「A Shocking JZS151 with ITBs!」A Drift-Spec Crown from the Underground

Published : 2020/09/12 23:04 Modified : 2020/09/12 23:25

A crazy ITB setup used for drifting


This 15-series Crown has a large displacement 1UZ-FE swap


“I think the image has gone away in recent years, but don’t you feel like there are a lot of bad-boy drift sedans from the western Kanagawa area?” laughs the 27-year old owner of this Crown. “I’m a local there, but actually my car has nothing to do with that trend,” he continues. “There’s a high taste level that went into this Crown, combining various elements that I like into one car.”



The appearance is a straightforward and lowdown approach referred to as “jun-beta” style in Japanese. This means the car looks stock or relatively so, except that it has been slammed. This is a 15-series Crown, which became a popular base for VIP customization. This gives it that bit of “bad-boy” edge that the owner was talking about, even though the overall appearance here remains low-down but restrained. However, there is something lurking in the engine bay that will shock you.



The car is a base grade model which came equipped with a NA 1JZ-GE. That however is gone, in favor of a 4.0L V8 1UZ-FE out of a Celsior.


“Originally I was drifting a Chaser with a T67 turbo but crashed it. Then I found this Crown and started thinking about V8 with manual transmission which sounded like a lot of fun. So I started down the route to make this car in that image,” says the owner.



What’s more, this is not just any swap. Its a sports injection using OBX’s multiple throttle bodies. All the parts choices, engine swap work and ECU setting were impressively done by the owner himself.


According to the owner who has driven many various drift cars, “The low speed torque is really amazing. Even at 2000rpm the rear will kick out. Its definitely faster than a boosted RB25.”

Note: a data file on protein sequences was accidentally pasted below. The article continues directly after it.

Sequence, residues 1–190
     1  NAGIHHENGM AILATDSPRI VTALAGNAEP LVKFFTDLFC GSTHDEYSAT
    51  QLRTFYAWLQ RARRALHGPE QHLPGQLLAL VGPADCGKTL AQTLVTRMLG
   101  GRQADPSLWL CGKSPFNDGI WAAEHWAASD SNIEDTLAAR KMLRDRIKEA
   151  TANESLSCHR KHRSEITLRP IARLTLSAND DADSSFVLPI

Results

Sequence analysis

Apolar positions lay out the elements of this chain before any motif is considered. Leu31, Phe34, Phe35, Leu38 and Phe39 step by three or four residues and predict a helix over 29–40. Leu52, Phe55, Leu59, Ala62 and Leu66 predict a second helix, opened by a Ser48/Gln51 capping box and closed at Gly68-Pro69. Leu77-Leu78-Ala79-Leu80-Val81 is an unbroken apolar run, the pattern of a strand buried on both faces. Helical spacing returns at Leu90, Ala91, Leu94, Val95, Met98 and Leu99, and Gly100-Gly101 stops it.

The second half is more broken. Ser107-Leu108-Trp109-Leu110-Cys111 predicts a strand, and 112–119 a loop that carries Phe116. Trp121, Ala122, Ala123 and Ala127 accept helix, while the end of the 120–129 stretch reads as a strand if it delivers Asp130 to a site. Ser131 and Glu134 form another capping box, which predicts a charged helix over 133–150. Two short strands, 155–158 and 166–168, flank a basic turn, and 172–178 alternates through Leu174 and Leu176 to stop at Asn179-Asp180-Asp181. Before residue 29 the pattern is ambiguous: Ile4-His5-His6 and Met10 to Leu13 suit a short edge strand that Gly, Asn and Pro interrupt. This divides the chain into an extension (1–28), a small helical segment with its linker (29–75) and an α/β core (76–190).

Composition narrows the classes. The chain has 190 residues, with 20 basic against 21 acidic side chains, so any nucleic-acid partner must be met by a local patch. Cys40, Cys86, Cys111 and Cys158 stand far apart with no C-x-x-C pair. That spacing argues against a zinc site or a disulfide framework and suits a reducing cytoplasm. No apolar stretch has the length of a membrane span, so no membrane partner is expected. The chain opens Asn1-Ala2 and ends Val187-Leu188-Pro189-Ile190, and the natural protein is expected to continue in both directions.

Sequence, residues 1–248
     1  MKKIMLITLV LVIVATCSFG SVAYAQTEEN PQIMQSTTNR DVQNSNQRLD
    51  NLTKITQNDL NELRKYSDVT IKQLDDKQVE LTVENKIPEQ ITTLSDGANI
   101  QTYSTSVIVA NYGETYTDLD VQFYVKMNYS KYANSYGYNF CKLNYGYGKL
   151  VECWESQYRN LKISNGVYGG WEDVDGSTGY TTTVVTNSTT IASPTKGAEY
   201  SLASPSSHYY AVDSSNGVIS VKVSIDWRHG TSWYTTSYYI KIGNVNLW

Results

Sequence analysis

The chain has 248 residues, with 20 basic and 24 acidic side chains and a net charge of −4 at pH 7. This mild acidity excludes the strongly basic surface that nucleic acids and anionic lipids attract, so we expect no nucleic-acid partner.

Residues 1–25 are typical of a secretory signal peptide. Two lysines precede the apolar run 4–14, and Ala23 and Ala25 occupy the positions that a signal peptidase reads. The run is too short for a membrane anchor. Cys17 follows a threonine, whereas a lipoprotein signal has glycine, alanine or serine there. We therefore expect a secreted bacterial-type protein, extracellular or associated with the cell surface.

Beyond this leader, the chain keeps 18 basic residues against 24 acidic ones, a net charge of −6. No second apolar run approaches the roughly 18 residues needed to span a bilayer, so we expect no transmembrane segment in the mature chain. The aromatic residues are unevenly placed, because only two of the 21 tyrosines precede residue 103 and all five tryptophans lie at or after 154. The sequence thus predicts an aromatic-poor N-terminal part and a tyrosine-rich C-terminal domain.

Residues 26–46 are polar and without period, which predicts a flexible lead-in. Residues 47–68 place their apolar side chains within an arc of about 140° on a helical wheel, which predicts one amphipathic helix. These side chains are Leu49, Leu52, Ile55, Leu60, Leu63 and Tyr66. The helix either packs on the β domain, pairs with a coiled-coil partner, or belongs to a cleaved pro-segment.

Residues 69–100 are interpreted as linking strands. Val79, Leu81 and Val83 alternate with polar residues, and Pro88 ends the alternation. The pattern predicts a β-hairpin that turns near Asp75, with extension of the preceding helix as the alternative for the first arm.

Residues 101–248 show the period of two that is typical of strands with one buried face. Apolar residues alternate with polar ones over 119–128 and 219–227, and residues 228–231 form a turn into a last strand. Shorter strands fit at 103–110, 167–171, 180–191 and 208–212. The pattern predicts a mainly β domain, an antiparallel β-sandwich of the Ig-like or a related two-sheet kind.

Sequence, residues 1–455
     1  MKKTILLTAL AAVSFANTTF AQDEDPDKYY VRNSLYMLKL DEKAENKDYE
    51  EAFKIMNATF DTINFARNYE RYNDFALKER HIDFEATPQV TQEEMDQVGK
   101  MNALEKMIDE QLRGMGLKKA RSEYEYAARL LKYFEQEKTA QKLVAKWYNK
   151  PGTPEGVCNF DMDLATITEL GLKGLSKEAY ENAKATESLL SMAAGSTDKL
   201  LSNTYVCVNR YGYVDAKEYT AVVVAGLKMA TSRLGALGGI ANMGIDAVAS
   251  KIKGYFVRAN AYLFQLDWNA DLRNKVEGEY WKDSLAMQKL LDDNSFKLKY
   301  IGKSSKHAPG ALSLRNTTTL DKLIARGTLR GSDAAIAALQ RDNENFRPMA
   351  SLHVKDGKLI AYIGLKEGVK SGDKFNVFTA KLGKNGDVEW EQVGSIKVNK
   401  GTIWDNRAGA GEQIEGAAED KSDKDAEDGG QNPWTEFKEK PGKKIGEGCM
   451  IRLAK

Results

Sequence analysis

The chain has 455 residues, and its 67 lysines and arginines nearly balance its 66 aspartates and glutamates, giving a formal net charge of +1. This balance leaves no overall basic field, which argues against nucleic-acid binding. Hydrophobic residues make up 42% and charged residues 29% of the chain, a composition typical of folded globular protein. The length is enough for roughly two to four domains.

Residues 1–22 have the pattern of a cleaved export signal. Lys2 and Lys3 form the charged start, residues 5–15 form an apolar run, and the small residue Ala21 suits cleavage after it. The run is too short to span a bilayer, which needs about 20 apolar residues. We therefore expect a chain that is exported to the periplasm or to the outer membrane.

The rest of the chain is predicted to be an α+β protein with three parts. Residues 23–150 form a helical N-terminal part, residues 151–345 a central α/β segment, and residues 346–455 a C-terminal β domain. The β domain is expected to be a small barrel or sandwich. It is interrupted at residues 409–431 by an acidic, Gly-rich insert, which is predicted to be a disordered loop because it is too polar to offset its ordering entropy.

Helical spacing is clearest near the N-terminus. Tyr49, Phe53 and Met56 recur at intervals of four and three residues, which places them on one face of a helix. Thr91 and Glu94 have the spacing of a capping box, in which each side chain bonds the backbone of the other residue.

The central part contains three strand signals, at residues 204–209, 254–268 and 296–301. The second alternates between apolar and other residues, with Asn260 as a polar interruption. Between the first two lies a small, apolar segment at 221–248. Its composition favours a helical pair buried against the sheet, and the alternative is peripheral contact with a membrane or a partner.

Engine management is performed by LINK’s G4+Storm. All genuine factory gauges are set to work and even a cool mod that sweeps the speedometer needle with key-on was incorporated.



The suspension is based on a 326 Power Chakuriki Damper system (F20kg/mm, R12kg/mm). In addition, Ito Auto’s V1 knuckle at the front greatly increases the steering angle, while shortened upper arms increase the negative camber angle.



Wheels are RS Watanabe R Type in 16-inch sizing. Widths are 9.5J -19 at both front and rear. The brakes are genuine factory Tourer V ones that were transplanted from the owners previous JZX100. Tire choices are Advan Neova (205/45R16) at the front and Kenda KR20 (205/45R16) at the rear.


The front fenders were rolled and reinforced on the insides. The owner tells us, “If you want to get fitment like this on a 15-series Crown, you definitely have to roll the fender.”



The rear brakes are twin calipers with a hydraulic e-brake. The added calipers are from R32 Skyline Type M with mounting brackets made by Fat Five Racing. The rear fenders were also modified to accomodate the chosen wheel and tire setup.



The interior has a simple finish, although carpeting has been removed. The steering wheel is a Nardi Classic. The lid of the center console was modified because it interfered with the driver’s ability to shift freely.



The transmission docked to the 1UZ is a Chaser 5-speed R154 using a commercially available bell housing plate. The hydraulic e-brake is made by Skid Racing.



When converting from automatic to manual, it is common to just add a clutch pedal, but the owner chose to replace all the pedals. By using OBP organ pedals, higher operability for drifting was realized.



Full bucket seats by New Zealand’s Racetech are used for both driver and passenger.



A booster seat for the owner’s kid is affixed on the passenger side. “There aren’t many options for kids that fit full bucket seats, but this one works well” says the owner.



The owner tells us that the concept behind this car is “Southwestern Kanagawa Style”. When asked about future modifications, an unexpected answer came: “I want to swap to a 3S turbo and get power more easily.” Looks like we’ll need to cover this car again in the not-to-distant future.


PHOTO:Katsuyoshi Kobayashi